The Lekki-Epe Road Project: The Need For Contingent Valuation (Part 2)

Written by  Adeyinka Adewale, PROPERTYGATE Published in Editorial Wednesday, 27 July 2011 15:31
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The first part of this article painted a picture of the origins of the Lekki-Epe road project and the objectives of the parties involved in the scheme. It went ahead to discuss from a historic point of view the success and downfall of the toll-road strategy in Nigeria, the same now being adopted by LCC in the Lekki-Epe project. This concluding bit adopts a first principle approach to evaluate the recent dispute between Lagosians and the combined duo of LCC and the State Government.

 

Back to first principles, ideally, projects of this nature and magnitude embarked upon anywhere in the world are carefully considered before they are plunged into. For example, a thorough stakeholder analysis should have revealed potential costs and benefit to every kind of stakeholder directly or indirectly impacted by the project. From this, decisions that suite the most important stakeholders can thus be taken. In practical terms, the decision of who the most important stakeholders are is quite difficult, yet the fact that the scheme was done for the government points to the fact that it has to be ‘populace friendly’. Whilst from a capitalist point of view, the need to make profit is there; such profits will have to be smartly made in such a way that eyebrows will not be raised. Fulfilling both objectives in an obviously exploitative manner has left LCC and the government stuck in the middle, one key reason for the breakdown we have today.

Prior to a thorough stakeholder analysis being carried out, a vital tool that should have been at the foundation of the decision to invest or otherwise is the willingness to pay (WTP) analysis which is meant to reveal in clear terms the cash flow of how much the masses are willing to pay based on perceived economic value of the project to them. A cash flow based on these figures would have generated an overall capital outlay beyond which the investment will be a disaster. In other words, having a start-up capital to invest should not be the sole determinant of decisions to invest but also the willingness to pay for the infrastructure by those that are being provided for. This is the gospel of contingent valuation. Whist this article is not suggesting emphatically that LCC did not embark on this kind of multi-stage rigorous investment analysis in making their decisions, it is only opining that perhaps this was not properly done.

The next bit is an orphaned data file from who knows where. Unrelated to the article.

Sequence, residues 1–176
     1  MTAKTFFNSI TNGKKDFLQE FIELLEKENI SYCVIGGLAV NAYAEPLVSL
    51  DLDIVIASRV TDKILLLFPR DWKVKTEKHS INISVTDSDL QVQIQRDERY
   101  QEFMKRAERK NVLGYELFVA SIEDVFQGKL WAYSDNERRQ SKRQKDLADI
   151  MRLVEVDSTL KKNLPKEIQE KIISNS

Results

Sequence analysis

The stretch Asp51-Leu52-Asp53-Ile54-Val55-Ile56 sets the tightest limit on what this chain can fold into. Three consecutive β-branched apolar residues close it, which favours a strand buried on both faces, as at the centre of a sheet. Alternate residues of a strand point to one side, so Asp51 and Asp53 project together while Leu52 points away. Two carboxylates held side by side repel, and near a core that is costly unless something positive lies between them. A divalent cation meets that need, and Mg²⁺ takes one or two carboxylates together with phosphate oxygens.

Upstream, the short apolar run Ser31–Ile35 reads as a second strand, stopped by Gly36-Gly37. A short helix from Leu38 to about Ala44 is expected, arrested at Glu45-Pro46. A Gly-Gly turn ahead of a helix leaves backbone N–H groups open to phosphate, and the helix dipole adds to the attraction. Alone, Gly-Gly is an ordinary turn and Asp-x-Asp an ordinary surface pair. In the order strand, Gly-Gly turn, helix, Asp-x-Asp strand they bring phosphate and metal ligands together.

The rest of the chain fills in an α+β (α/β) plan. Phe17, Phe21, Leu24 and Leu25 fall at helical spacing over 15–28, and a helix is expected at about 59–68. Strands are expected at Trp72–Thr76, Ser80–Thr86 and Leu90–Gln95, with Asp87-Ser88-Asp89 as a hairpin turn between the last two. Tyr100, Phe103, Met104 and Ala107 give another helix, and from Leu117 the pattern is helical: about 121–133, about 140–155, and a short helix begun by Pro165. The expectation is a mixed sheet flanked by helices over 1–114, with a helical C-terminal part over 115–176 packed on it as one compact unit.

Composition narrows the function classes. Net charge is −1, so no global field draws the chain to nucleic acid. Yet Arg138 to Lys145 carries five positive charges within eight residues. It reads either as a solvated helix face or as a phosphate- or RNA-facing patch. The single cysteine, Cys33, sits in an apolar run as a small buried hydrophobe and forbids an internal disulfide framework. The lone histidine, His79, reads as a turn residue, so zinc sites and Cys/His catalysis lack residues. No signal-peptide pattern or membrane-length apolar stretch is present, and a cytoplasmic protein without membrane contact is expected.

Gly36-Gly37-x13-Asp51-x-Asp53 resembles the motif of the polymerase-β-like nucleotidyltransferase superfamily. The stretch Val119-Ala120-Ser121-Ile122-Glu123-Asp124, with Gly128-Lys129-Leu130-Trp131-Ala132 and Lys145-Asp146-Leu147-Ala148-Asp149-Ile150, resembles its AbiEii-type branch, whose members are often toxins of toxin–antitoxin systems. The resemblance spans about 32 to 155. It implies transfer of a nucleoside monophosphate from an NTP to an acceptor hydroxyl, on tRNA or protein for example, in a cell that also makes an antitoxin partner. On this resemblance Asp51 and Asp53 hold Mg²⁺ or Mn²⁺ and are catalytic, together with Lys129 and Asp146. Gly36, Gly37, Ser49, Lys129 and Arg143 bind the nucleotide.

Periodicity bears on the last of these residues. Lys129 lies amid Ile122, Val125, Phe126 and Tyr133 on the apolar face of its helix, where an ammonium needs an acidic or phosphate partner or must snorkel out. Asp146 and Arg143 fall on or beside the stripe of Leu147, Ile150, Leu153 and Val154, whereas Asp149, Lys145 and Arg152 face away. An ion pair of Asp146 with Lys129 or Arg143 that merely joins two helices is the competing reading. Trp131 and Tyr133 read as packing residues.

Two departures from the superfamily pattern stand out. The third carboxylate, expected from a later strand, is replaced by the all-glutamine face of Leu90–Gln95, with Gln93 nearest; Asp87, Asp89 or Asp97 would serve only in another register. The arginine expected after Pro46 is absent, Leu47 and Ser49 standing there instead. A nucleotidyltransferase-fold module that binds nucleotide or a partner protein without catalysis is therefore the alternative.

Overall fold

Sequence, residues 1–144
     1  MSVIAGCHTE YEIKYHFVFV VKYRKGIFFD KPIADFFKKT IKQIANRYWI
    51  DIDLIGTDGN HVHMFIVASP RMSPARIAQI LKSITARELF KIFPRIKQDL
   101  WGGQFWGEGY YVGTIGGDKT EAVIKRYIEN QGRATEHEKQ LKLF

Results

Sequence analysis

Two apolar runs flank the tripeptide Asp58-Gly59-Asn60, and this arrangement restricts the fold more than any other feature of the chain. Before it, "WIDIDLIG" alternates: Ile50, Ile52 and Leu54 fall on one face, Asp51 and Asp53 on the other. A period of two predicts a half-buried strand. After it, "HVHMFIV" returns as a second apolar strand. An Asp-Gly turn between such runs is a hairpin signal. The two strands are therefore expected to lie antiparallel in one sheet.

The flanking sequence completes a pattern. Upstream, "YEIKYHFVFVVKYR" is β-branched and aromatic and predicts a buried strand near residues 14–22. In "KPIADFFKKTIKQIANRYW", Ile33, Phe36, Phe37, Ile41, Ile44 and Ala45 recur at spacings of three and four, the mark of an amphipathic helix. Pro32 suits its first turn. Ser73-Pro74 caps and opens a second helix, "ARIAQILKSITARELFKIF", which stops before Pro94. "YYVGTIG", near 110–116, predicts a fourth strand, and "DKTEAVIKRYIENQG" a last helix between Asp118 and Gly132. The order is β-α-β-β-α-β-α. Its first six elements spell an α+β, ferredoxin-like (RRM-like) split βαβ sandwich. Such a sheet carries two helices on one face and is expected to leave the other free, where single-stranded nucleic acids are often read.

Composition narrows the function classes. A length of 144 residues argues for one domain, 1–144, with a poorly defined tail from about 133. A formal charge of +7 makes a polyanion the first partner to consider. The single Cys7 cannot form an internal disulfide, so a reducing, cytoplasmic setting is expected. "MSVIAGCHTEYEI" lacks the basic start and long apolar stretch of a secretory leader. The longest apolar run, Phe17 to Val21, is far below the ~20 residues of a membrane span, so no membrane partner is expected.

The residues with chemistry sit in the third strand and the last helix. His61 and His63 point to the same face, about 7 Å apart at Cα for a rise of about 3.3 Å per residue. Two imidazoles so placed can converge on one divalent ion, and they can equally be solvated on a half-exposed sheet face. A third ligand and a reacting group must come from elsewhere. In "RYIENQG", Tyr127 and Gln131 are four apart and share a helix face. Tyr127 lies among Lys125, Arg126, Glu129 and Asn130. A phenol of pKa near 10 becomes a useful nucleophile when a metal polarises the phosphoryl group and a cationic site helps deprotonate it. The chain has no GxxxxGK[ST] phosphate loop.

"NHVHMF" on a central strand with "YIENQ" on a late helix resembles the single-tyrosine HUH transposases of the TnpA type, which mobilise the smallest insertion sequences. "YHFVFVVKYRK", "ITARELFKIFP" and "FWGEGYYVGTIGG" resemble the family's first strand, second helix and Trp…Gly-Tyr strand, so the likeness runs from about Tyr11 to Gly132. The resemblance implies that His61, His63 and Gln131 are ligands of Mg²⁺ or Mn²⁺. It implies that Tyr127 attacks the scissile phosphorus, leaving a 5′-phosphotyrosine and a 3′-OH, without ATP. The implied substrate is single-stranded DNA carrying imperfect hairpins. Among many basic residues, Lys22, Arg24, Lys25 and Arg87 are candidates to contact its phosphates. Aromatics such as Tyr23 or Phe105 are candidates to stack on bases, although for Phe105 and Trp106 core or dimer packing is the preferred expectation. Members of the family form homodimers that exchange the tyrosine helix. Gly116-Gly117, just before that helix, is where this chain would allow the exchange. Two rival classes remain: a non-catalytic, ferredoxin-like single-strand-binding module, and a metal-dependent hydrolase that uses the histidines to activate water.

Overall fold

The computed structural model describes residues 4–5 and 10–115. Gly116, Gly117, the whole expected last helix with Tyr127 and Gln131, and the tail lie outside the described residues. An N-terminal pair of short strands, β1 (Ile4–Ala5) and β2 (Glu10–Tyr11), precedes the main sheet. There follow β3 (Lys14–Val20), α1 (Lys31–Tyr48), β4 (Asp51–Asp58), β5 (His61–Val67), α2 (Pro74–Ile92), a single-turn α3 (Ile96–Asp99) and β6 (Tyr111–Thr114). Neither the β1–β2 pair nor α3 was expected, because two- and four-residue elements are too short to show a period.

Expounding a bit more on the contingent valuation point of view, when an infrastructure project is embarked upon, there is a need to measure in clear numerical terms the perceived economic value to the society at large. In other words, if the public fails to see reasonable economic value in such a project, expected returns are bound to fail,especially when they are investment partnerships with a life span. Economists base the concept of value on decision framework within which rational individuals make the bestuse of resources and opportunities. The framework assumes that the individual members of the economy react systematically to perceived changes in their situation. Suchchanges can include addition to the quantity and quality of the road resource of primary interest, prices, costs, institutional constraints and incentives, income and wealth(Young, 2006). From a utilitarian approach, a commodity has economic value when users are willing to pay for it rather than do without, also called the greatest good to thegreatest number of people.

But, an analysis of economic values for road-related projects is seldom an easy task. The analysis of the demand side for road infrastructure projects requires as muchspecialised skill as is required by our colleagues from engineering to perform their supply-side studies. It is from this that the WTP for the infrastructure is determined. In clearerterms, WTP is a monetary measure of the intensity of individual road user preferences. The overall outcome of this investigation should be the basis of all decisions to be madeabout the project. In conclusion therefore, as decisions on the way forward hangs aloof, LCC may be forced to undertake further studies using the tools described above todetermine reasonable levies that will not cause discomfort for the masses, failure of which will amount to further mess.

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